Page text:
Starting November 1, 2017, Triumph enthusiasts from around the world have the opportunity to check out a factory visitor centre located at the company’s factory and headquarters located at Hinckley in Leicestershire. The centre will allow visitors to see a collection of rare and distinctive exhibits “centred around the design, engineering and manufacture of Triumph’s most iconic models” as the company puts it, all free of charge. And visitors will even be book a 90-minute tour of the factory to see how these motorcycles are put together for a fee of 15 GBP.
Some of the exhibits on display at the visitor centre will include famous movie bikes such as the painstakingly restored Bonneville used by Steve McQueen in The Great Escape to attempt to jump the border fence, as well as Tom Cruise’s Speed Triple from the heart-pounding chase sequence in Mission Impossible 2. Apart from this, visitors will also be able to see the very first Triumph No1 built in 1902 as well as the prototype of the race engine the company has built to power the 2019 Moto2 World Championship.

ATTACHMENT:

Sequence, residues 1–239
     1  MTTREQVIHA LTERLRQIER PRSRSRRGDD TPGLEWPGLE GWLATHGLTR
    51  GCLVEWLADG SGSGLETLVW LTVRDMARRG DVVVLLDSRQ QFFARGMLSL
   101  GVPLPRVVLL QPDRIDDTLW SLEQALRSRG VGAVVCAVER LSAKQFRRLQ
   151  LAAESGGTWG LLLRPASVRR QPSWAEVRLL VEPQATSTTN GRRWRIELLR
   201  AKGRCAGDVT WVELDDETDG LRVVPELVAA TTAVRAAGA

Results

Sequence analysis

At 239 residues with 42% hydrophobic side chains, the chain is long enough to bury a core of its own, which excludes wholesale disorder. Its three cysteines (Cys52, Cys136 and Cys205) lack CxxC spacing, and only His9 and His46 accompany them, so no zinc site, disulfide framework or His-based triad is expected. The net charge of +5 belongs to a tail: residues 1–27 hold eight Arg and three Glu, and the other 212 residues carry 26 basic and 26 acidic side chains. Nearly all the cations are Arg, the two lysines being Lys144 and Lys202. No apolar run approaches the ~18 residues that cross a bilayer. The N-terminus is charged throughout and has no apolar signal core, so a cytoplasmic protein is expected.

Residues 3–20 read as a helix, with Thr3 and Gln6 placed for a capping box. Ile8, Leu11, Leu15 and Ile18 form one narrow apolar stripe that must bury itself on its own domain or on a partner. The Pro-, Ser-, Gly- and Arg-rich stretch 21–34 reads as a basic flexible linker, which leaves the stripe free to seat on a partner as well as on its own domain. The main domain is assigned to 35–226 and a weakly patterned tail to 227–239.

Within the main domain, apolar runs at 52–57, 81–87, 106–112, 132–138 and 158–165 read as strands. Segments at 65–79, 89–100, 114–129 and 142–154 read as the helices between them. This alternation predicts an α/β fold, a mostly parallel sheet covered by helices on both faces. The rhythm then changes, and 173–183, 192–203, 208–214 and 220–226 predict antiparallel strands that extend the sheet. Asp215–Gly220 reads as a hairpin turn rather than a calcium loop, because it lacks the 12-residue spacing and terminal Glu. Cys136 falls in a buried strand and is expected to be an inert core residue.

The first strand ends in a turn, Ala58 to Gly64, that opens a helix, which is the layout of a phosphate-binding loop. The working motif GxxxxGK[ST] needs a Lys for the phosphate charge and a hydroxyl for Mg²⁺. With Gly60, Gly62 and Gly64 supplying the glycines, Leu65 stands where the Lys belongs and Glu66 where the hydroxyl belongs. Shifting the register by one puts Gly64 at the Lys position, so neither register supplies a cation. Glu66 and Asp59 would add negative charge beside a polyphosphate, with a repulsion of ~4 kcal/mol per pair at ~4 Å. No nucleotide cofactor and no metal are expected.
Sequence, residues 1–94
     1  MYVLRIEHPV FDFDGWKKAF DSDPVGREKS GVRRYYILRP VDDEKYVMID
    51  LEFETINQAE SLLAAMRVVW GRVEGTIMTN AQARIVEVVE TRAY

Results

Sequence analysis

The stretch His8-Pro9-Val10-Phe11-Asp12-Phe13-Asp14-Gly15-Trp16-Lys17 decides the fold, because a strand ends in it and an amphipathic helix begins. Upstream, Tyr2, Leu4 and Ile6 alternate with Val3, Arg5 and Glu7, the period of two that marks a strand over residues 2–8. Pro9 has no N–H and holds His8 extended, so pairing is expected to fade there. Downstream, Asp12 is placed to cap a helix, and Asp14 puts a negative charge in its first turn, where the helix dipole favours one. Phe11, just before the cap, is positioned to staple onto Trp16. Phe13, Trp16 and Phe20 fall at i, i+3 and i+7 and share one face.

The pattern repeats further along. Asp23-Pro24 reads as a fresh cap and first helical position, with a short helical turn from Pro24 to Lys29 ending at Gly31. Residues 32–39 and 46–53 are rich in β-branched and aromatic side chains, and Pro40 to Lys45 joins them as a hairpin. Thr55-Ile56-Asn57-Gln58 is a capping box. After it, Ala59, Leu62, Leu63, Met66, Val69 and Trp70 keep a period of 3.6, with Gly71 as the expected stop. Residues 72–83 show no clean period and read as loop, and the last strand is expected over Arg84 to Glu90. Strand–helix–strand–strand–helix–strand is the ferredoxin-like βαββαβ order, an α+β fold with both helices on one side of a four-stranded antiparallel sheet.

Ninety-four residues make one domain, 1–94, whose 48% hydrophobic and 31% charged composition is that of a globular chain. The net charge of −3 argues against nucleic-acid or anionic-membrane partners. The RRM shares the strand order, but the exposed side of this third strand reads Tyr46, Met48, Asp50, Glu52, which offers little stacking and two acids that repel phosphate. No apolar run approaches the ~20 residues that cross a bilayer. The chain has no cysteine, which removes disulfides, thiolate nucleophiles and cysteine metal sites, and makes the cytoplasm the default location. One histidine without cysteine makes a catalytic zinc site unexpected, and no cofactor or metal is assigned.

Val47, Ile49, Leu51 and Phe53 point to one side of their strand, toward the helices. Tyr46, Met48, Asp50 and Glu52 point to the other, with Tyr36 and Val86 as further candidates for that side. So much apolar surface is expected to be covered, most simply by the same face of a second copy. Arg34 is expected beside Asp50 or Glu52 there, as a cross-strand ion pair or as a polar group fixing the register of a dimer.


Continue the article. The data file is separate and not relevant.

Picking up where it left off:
Apart from these, the display pieces include some rather unique models such as the 1919 Triumph ‘Trusty’ Model H from World War 1, the 1959 Bonneville that took the world by storm, along with legendary motorcycles such as the Hurricane X75, T595 Trident and original ‘94 Speed Triple. Race bikes feature in the visitor centre as well, such as an original 1920s TT racer alongside legends from American and British competition of the 1950s and 60s, as well as Gary Johnson’s 2014 Isle of Man Supersports TT winning Triumph Daytona 675.
Speaking at the launch, Paul Stroud, Chief Commercial Officer at Triumph, commented, “We are very proud and excited to be able to invite Triumph and motorcycling fans from around the world to come and experience our brand first-hand, here at the factory where every Triumph starts its life. With so many important and rare bikes on display, the Visitor Experience will be a must for motorcycle and movie fans alike, but also an opportunity to help us celebrate our proud heritage and our passion for building great motorcycles. We hope this will reward and inspire every fan of the brand, and ignite a love for Triumph in a whole new generation.’’
When done checking out all the exhibits, visitors can relax at the Triumph 1902 café or even purchase some branded merchandise, clothing and some limited-edition Visitor Experience souvenirs.